June 5, 2015 - Bankruptcy and Creditors' Rights Group Update: Good News for Banks! Junior Mortgage Liens Protected in Chapter 7 (At Least for Now)
GOOD NEWS FOR BANKS: Junior Mortgage Liens Protected in Chapter 7 (At Least for Now)
As noted in our April, 2015 Newsletter as an important decision to soon be decided by the U.S. Supreme Court, the U.S. Supreme Court earlier this week unanimously held, overruling the Eleventh Circuit U.S. Court of Appeals, that a debtor cannot void or "strip off" a wholly unsecured junior mortgage lien in a chapter 7 case.
In Bank of America, N.A. v. Caulkett, the issue before the Supreme Court was whether a chapter 7 debtor may void a junior mortgage when the debt owed on the senior mortgage exceeds the value of the property. Although the Bankruptcy Code provides that a claim is secured to the extent of the value of a creditor's interest in the property, this language is not as straightforward as it may appear.
In the 1992 case of Dewsnup v. Timm, the Supreme Court denied a debtor's request to reduce her mortgage debt to the value of her property, holding that a secured claim is "a claim supported by a security interest in property, regardless of whether the value of that property would be sufficient to cover the claim." Relying on Dewsnup, the Supreme Court in this case concluded that even if a junior lienholder has no equity interest in the property, the lien is still considered "secured" and the debtor may not void the lien.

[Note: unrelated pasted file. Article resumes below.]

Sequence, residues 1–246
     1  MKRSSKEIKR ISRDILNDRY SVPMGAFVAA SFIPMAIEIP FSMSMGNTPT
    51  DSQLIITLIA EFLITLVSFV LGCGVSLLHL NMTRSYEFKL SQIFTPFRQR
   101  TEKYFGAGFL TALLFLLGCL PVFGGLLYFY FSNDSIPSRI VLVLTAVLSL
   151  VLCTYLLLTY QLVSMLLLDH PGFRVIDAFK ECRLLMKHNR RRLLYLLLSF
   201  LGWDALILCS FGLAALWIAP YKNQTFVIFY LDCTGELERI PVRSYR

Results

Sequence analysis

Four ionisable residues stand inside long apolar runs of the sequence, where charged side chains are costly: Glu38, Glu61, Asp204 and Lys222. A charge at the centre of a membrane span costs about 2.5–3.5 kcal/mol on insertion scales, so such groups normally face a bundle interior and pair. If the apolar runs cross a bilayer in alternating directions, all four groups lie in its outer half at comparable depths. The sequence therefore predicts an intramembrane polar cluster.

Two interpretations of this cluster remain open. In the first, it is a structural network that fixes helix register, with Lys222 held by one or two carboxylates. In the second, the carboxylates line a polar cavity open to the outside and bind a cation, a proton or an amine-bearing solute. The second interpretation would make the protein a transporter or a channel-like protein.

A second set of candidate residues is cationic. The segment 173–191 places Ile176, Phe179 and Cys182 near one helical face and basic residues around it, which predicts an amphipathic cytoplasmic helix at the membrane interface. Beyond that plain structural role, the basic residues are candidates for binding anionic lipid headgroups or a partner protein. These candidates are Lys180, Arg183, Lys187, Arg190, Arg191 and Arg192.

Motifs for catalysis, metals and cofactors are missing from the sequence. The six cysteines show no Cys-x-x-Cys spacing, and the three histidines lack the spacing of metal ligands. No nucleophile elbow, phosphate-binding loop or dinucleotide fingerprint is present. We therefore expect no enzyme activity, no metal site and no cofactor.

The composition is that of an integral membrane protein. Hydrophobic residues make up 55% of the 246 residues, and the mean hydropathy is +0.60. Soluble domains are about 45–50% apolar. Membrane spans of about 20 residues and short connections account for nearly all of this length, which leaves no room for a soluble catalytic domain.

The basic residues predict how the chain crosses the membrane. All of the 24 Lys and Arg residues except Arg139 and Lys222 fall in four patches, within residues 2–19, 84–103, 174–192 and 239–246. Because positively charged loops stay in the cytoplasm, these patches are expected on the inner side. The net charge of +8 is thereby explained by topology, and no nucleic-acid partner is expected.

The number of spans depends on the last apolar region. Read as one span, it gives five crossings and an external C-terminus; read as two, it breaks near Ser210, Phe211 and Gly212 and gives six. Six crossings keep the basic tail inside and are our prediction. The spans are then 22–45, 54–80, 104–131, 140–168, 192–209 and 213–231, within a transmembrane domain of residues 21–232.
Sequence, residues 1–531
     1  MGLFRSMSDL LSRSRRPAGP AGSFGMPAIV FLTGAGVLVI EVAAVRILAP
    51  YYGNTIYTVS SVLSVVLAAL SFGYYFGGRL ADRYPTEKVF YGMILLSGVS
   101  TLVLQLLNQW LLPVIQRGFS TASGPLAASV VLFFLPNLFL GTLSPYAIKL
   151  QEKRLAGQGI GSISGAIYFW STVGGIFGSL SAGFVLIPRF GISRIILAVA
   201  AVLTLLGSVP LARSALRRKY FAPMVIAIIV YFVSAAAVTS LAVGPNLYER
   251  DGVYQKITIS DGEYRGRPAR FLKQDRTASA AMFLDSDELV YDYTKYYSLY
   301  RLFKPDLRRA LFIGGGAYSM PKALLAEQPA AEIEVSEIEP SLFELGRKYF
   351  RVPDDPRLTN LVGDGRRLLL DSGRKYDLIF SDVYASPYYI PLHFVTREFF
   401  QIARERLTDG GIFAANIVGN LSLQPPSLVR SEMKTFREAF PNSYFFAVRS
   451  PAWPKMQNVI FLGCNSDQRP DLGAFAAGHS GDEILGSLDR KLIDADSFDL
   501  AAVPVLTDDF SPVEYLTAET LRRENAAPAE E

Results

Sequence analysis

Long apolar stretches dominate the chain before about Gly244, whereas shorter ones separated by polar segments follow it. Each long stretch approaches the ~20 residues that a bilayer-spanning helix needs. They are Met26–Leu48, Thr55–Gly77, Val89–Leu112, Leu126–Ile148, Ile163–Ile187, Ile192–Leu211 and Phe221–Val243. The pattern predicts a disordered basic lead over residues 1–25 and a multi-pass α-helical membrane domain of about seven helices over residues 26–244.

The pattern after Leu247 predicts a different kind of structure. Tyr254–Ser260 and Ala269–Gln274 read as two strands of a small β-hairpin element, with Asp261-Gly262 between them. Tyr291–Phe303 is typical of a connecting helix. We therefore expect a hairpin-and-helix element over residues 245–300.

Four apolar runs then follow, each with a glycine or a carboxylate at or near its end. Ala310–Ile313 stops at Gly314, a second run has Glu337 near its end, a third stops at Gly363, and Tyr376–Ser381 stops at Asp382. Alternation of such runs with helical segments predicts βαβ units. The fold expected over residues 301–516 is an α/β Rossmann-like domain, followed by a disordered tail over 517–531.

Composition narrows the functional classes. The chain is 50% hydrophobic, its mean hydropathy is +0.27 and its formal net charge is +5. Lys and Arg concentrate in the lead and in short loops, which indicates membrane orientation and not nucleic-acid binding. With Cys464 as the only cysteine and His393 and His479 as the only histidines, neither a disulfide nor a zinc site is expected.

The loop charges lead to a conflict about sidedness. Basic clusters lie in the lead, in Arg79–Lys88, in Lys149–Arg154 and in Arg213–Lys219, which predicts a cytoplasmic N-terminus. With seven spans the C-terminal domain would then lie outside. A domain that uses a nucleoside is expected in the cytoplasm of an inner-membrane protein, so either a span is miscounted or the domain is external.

Although this decision is a victory for banks and junior lienholders, that victory may be short-lived. In a footnote, the Supreme Court conceded that over the years, Dewsnup has been the subject of much criticism, and appeared to suggest that had the debtors asked the Court to overrule Dewsnup and its definition of a secured claim, it may have done so.
FROM APRIL 2015
Stripping of Unsecured Second Mortgages in Chapter 7 Bankruptcies To Be Decided by the United States Supreme Court
On March 24, 2015, the U.S. Supreme Court heard oral arguments in two cases involving whether a Chapter 7 debtor may strip off a second (or any junior) mortgage that is not secured by the home's actual market value. The two underlying cases arose out of the Eleventh Circuit U.S. Court of Appeals which has approved stripping-off wholly unsecured second mortgages in Chapter 7 bankruptcies under Section 506(d) of the Bankruptcy Code. The Eleventh Circuit position conflicts with the holdings of the Fourth, Sixth, and Seventh Circuits (the only other federal Courts of Appeal to have addressed the issue).
To learn more about this matter or to discuss it in greater detail, please contact Robert E. Kaelin at 860.240.6036 / firstname.lastname@example.org or Thomas S. Vangel at 617.457.4072 / email@example.com.